Community Perceptions and Willingness to Accept and Execute REDD+ Initiative: The Case of Pugu and Kazimzumbwi Forest Reserves, Tanzania

Mngumi Lazaro, Shemdoe Riziki Silas, Liwenga Emma


The study examined community perceptions and willingness to accept and execute Reduced Emissions from Deforestation and Forest Degradation (REDD+) initiative at Pugu and Kazimzumbwi Forest Reserves (PKFRs) in the course of addressing the overriding problem of climate change. The survey was conducted in two villages’ i.e. Kisarawe and Kazimzumbwi adjacent to PKFRs. A total of 110 respondents were randomly selected with a sampling intensity of 10%. Key informants interview, focus group discussion (FGD) and in-depth interviews using a questionnaire administered to selected community members were the major techniques used in data collection. Regarding community perceptions and acceptability of the REDD+ initiative, the study revealed low level of acceptance (16.2%), which was highly attributed to low level of awareness on the initiative. Poor governance and poor community involvement in REDD+ activities were highly ranked as REDD+ perceived problems. Lack of livelihood options was observed to be constraining factor behind community support to the initiative. The study concludes that, for the success and sustainability of REDD+ initiative at PKFRs, robust livelihood options like training the community on how to make charcoal out of dry leaves are needed to be crafted at the shoes of the community in line with educating the community on the rationality of the initiative in their locality.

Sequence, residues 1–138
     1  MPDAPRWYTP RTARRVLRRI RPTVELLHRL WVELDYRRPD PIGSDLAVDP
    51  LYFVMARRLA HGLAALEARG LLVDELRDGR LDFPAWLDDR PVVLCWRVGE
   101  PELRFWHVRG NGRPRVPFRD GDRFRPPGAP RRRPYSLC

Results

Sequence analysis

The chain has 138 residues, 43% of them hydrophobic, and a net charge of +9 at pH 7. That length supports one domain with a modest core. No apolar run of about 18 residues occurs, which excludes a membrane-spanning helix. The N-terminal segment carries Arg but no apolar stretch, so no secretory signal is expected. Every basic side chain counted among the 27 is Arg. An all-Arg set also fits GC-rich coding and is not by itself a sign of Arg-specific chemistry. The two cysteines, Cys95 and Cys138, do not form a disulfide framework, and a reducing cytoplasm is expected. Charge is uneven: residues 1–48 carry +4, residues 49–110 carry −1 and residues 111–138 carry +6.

Perceptions; Community; Livelihood options; REDD+ Sustainability


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